I guess it depends on what is important to you. Money isn't everything. I'm going to SUNY Upstate, even if I could get a better package somewhere else, but then, I got a really strong feeling about the school/people/program/city when I was there. I did not get that feeling at any of my other interviews. I'm going with my gut on this one. In fact, I'm heading up to Syracuse to find an apartment over spring break. I decided that it didn't matter where else I got accepted or what the financial aid packages were, I want to go where I'll be happy. I can understand if you don't have a strong feeling about a school to pick based on financial reasons, but if you really liked one of the SUNY schools, why spend 4 years somewhere else when you might not be as happy? (To clarify, I know I'll be able to get the necessary loans now after talking with their financial aid office and looking into the private loan sources they gave me, so there isn't a chance of me not being able to come up with the tuition money, which I was concerned about before).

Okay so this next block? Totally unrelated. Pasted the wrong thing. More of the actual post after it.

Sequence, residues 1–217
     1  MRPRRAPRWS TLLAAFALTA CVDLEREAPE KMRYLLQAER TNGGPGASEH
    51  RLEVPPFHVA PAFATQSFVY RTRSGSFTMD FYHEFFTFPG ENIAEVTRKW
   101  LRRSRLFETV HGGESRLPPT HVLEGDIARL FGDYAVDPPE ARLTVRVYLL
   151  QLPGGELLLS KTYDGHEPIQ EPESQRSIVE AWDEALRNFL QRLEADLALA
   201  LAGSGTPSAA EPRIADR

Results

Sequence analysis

DrKram20

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Upstateadmiss said:
I have looked into this a bit more - Apparently, by some quirk, text crept into the governor's Article 7 bill in Albany which made permissible differential tuition based on public service. However the bill did not mandate the plan, nor define it further. The word out of Albany is that the Board of Trustees does not plan to enact it. We are not very worried about it.